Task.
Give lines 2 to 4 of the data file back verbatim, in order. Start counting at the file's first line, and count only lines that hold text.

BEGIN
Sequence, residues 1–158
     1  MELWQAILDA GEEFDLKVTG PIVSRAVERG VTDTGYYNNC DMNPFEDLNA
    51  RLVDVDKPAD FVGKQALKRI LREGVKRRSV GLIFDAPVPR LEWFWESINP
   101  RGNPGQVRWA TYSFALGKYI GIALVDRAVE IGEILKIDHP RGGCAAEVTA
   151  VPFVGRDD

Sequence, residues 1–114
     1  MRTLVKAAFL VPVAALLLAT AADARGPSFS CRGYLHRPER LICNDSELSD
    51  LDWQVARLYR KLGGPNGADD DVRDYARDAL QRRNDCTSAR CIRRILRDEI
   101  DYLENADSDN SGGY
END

     1  MELWQAILDA GEEFDLKVTG PIVSRAVERG VTDTGYYNNC DMNPFEDLNA
    51  RLVDVDKPAD FVGKQALKRI LREGVKRRSV GLIFDAPVPR LEWFWESINP
   101  RGNPGQVRWA TYSFALGKYI GIALVDRAVE IGEILKIDHP RGGCAAEVTA